Another musicological activity that is easy to grasp (but takes a lot of training to practice) is the discovery and authentication of musical manuscripts. I’ve read two recent novels with very similar plots that involve centuries-old manuscripts that resurface in the 21st century, both featuring fictional musicologists: And After the Fire by Lauren Belfer and The Prague Sonata by Bradford Morrow, both published in 2017. The fictional musicologists in these novels are decent portraits from life, though the authors stick to the aspects of the job that are most easily understood by a general readership.
Composer Florence Price
Siri, can you play me a symphony from the 1930s
composed by a Woman of Color?
For a recent, real-life example of this type of work, there’s the discovery of several works by Florence Price. The circumstances of the discovery also demonstrate how some musical works can disappear from history, especially when the composer is overlooked by a restrictive canon. Fortunately, Price is currently experiencing a revival.

Musical archeology like this is just one area of specialization within musicology. Many musicologists illuminate the interaction of music and other aspects of society. Tracing the dissemination of a particular pre-Gregorian chant melody (yes, there were notated chants before 800!) can reveal aspects of Medieval trade routes. The spread of national styles can indicate the relationships between countries, like when so many monarchs in Europe commanded their composers to write French-style dance music to invoke the glory of Louis XIV.

In the 1980s, some musicologists began incorporating methods and approaches from other academic disciplines out of concern that musicology was too insular and risked becoming irrelevant. “New Musicology,” as it’s still sometimes called, looks at music from the perspective of race, gender, and social class, among other things. In fact, musicologists have been blowing the whistle on sexual inequality in classical music since long before #MeToo and even social media existed.

My specialties are music reception and historiography, which should not come as a surprise to anyone who has been following this blog. Reception is the study of how audiences react to music, and of the cultural associations pieces or composer accumulate over time. Historiography is the “history of histories,” how historical information is presented, and how that has changed over time. I’m fascinated by how and why things that should seem “fixed” actually change. As I’ve mentioned elsewhere, I want my readers to feel the reality of L.P. Hartley’s famous observation that “The past is a foreign country: they do things differently there.”

I’m still just scratching the surface of the many things musicologists research. As for what musicologists do, well, that’s also multifarious. Musicologists who pursue careers in academia are expected to teach, research, write, present papers, and publish with scholarly presses. Not all musicologists go that route, however. Some work for musical organizations, some in media, some write books, some write program notes [*cough*], some blog online, some testify in copyright cases, and a great many engage in multiple activities at once.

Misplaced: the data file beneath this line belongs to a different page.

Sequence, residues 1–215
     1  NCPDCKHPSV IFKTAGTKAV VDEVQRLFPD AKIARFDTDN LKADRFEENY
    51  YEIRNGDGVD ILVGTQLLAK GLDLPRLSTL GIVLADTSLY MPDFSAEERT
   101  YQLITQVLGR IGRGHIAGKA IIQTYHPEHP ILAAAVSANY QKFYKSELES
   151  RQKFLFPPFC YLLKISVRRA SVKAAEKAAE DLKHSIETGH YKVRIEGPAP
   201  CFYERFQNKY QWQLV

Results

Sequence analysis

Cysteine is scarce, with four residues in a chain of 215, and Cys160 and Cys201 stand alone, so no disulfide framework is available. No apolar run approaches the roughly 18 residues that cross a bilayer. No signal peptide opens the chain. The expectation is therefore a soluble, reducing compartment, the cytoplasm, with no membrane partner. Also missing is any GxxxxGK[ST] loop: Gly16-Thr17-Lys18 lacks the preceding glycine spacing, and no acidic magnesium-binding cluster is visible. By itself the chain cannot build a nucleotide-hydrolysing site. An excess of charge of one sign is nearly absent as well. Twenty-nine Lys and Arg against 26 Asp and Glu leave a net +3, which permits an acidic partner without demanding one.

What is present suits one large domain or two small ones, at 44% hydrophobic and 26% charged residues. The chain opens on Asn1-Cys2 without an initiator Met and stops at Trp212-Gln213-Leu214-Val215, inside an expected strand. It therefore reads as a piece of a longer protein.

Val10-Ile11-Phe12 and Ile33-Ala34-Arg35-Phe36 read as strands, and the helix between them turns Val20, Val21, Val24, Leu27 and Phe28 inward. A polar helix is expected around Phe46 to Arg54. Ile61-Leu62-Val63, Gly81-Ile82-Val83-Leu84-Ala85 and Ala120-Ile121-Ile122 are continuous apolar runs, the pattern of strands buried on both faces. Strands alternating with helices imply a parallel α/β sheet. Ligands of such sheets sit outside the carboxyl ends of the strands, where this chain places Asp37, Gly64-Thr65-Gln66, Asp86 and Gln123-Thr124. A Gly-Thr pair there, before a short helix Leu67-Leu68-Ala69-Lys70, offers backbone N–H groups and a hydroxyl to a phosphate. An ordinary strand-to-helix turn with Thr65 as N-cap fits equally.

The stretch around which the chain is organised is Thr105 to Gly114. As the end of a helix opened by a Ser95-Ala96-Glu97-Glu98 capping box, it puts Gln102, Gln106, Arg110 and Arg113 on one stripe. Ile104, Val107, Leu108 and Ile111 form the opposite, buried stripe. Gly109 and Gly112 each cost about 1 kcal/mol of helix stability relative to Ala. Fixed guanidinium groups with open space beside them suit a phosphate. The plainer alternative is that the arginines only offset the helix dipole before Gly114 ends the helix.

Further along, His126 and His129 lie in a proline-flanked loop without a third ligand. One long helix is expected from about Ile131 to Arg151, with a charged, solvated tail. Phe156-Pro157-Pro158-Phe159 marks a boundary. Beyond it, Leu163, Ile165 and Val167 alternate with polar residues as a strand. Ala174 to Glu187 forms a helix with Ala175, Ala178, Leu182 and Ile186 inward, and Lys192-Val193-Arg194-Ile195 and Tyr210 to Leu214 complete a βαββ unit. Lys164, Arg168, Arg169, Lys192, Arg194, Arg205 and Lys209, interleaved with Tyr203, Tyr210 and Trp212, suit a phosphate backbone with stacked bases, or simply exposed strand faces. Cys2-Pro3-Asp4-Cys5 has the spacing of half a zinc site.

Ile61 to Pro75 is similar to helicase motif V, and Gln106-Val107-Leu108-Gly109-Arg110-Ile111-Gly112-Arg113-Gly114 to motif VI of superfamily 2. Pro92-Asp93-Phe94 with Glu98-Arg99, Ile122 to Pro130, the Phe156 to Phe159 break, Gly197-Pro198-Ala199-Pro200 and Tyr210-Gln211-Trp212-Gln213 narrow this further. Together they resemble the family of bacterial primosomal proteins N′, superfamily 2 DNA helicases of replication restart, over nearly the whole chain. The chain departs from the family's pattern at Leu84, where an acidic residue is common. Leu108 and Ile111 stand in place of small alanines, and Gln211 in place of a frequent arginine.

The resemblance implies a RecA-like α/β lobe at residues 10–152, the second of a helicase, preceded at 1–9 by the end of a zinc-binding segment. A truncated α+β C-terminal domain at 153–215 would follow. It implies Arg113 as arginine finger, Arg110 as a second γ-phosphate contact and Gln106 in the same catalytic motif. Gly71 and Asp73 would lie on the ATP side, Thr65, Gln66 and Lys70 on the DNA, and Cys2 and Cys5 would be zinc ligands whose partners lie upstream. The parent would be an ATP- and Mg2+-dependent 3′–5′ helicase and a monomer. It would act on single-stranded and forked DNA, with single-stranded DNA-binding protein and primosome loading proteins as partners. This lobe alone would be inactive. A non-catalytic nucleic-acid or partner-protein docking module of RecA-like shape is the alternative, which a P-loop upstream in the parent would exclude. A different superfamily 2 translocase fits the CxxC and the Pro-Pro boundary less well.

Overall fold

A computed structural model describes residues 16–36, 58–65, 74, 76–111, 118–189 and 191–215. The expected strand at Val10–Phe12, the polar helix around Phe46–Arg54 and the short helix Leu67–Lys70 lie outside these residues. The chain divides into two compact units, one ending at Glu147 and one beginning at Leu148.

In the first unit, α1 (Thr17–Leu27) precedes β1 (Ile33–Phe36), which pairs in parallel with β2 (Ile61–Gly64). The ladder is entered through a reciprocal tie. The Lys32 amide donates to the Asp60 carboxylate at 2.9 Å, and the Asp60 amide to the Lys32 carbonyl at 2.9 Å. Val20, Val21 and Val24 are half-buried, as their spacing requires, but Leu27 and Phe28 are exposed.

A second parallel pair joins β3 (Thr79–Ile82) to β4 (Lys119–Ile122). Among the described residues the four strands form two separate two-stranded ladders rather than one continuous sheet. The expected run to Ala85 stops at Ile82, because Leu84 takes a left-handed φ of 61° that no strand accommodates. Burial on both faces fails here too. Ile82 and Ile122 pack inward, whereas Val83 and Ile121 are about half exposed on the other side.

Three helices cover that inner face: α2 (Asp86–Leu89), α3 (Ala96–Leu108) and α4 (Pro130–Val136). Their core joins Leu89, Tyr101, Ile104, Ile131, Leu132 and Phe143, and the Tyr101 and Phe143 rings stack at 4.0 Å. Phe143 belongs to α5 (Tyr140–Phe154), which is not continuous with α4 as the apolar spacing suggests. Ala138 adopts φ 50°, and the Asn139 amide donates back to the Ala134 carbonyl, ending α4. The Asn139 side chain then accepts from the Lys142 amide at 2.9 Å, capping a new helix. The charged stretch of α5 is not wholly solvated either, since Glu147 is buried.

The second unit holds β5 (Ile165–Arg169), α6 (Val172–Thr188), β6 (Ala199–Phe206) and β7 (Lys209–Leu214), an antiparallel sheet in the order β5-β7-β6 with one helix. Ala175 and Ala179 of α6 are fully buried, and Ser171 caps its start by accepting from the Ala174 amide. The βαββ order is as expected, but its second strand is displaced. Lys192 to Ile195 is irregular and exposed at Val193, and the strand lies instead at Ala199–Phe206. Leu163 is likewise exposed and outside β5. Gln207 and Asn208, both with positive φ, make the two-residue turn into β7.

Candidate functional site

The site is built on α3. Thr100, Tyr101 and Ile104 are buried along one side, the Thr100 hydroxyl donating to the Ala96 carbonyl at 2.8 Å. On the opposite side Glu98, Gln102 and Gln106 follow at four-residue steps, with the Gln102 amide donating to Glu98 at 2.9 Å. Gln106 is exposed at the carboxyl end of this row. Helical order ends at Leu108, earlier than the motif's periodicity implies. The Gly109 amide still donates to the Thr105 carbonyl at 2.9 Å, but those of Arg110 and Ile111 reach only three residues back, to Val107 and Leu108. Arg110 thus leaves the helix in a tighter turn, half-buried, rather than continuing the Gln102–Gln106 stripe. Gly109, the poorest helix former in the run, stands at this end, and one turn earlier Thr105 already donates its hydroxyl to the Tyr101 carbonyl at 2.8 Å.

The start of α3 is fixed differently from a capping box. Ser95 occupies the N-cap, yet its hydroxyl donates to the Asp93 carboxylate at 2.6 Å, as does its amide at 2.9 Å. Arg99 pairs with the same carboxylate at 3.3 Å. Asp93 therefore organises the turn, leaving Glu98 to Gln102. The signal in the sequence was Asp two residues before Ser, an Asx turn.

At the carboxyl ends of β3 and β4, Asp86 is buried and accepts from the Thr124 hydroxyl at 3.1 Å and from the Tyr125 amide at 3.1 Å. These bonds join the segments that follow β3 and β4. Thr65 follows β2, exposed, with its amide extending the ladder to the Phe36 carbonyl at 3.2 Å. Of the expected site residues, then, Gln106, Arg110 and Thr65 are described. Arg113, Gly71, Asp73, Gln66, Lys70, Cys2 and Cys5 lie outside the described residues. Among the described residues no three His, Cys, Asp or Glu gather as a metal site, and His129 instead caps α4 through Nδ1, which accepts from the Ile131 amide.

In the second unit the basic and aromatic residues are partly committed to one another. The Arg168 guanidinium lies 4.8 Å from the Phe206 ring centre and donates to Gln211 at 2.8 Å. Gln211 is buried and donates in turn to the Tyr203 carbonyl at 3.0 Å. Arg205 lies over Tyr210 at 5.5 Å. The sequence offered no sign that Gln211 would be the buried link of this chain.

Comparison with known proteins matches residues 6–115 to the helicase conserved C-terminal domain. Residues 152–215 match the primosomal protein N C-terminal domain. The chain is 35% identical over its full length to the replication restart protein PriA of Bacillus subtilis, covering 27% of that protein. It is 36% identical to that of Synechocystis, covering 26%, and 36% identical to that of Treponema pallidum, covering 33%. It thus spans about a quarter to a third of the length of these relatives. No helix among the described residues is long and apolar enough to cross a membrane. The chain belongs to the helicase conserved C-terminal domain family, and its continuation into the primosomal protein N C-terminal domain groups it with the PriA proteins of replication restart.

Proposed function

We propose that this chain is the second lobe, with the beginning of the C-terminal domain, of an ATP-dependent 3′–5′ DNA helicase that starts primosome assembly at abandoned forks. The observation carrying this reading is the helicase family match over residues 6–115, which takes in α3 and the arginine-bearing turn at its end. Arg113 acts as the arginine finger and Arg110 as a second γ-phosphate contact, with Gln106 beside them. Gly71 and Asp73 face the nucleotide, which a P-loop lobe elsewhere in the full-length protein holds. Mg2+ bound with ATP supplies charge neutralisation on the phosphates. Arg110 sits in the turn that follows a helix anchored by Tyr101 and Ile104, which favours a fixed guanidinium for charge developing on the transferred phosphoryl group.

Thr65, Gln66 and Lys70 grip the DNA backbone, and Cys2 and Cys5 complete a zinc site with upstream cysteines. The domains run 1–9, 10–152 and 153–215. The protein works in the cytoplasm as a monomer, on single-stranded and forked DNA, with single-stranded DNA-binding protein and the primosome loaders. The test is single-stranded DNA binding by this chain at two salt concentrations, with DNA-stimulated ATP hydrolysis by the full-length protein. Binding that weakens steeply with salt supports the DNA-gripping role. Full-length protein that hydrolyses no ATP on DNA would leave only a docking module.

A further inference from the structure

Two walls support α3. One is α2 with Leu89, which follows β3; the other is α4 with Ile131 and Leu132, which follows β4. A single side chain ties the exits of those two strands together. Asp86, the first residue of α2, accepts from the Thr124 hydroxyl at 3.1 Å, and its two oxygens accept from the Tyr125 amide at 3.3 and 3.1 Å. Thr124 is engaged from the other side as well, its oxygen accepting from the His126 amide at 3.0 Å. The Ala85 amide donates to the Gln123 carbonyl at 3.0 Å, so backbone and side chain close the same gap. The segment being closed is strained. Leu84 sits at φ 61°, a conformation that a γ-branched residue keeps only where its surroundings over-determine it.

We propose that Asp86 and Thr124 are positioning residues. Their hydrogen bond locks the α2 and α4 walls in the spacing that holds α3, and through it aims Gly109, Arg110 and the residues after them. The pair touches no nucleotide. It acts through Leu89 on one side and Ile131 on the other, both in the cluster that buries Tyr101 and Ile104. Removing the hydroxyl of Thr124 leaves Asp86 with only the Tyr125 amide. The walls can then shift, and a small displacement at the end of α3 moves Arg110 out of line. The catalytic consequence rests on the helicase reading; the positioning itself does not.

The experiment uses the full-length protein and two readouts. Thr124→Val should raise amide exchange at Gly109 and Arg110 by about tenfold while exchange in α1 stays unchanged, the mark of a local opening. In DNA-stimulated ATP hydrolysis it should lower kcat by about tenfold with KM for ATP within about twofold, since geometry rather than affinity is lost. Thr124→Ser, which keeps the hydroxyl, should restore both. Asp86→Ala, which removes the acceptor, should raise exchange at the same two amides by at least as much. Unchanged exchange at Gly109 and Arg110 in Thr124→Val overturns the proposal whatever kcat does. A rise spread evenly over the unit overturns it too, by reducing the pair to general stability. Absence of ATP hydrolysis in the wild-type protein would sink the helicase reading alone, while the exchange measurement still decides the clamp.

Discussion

Hey, Siri! Are you a musicologist?

No, but I want to be. Can I study with you?

Many thanks to Imani Moseley and Robert Fink for improving drafts of this post before publication, and to #MusicologyTwitter for being so funny and on-point.

Like what you’ve read?

“HomePod reinvents music in the home” on Apple.com, June 5, 2017, https://www.apple.com/newsroom/2017/06/homepod-reinvents-music-in-the-home/

“Siri, already bumbling, just got less intelligent on the HomePod” by Geoffrey A. Fowler for The Washington Post, February 14, 2018, https://www.washingtonpost.com/news/the-switch/wp/2018/02/14/siri-already-bumbling-just-got-less-intelligent-on-the-homepod/?utm_term=.838cf7146686

“What is musicology?” from the American Musicological Society,  http://www.ams-net.org/what-is-musicology.php


  1. In the various discussions on social media, a few people have offered possible explanations for Apple's selection of the word "musicologist." One theory is that they're trying to evoke the word "mixologist," in that HomePod selects and combines music as a mixologist would drinks.

    Another theory is that they got the term from Pandora, who refers to the people working on the Music Genome Project as musicologists (regardless of their educational background and training). It's notable, though, that Pandora's use of the word "musicologist" only applies to humans, not the project. Apple might be the first to call an application/AI a musicologist.

    It may be neither; it may be a little of both. Unless Apple answers my inquiry, we just won't know.

  2. I note with interest that the default voice of Siri, the musicologist, sounds female. Surely there is meaning to be found there...

    1. There have been a few articles online noting that all the virtual assistants have female voices as defaults (because people are comfortable ordering women around):
      Alexa, why aren’t you a dude? How female digital assistants reinforce stereotypes
      Alexa, Siri, Cortana: Our virtual assistants say a lot about sexism

      But hey, another female musicologist! Maybe we can get her to be a music theorist and help their numbers out.